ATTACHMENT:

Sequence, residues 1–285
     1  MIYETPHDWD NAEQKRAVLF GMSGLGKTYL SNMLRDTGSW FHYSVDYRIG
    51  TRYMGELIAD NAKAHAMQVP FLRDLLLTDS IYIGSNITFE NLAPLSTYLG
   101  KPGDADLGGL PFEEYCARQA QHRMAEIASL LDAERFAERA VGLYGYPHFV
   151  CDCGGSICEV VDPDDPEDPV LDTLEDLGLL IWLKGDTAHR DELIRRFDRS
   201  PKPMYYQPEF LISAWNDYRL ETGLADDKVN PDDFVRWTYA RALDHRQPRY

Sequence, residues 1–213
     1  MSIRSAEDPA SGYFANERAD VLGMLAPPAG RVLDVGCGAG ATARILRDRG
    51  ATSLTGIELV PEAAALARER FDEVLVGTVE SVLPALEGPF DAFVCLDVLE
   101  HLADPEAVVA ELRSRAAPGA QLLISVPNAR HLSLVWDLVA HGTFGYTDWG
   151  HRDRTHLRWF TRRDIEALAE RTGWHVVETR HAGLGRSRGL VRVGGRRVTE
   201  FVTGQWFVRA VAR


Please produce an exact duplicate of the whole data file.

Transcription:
Sequence, residues 1–285
     1  MIYETPHDWD NAEQKRAVLF GMSGLGKTYL SNMLRDTGSW FHYSVDYRIG
    51  TRYMGELIAD NAKAHAMQVP FLRDLLLTDS IYIGSNITFE NLAPLSTYLG
   101  KPGDADLGGL PFEEYCARQA QHRMAEIASL LDAERFAERA VGLYGYPHFV
   151  CDCGGSICEV VDPDDPEDPV LDTLEDLGLL IWLKGDTAHR DELIRRFDRS
   201  PKPMYYQPEF LISAWNDYRL ETGLADDKVN PDDFVRWTYA RALDHRQPRY

Sequence, residues 1–213
     1  MSIRSAEDPA SGYFANERAD VLGMLAPPAG RVLDVGCGAG ATARILRDRG
    51  ATSLTGIELV PEAAALARER FDEVLVGTVE SVLPALEGPF DAFVCLDVLE
   101  HLADPEAVVA ELRSRAAPGA QLLISVPNAR HLSLVWDLVA HGTFGYTDWG
   151  HRDRTHLRWF TRRDIEALAE RTGWHVVETR HAGLGRSRGL VRVGGRRVTE
   201  FVTGQWFVRA VAR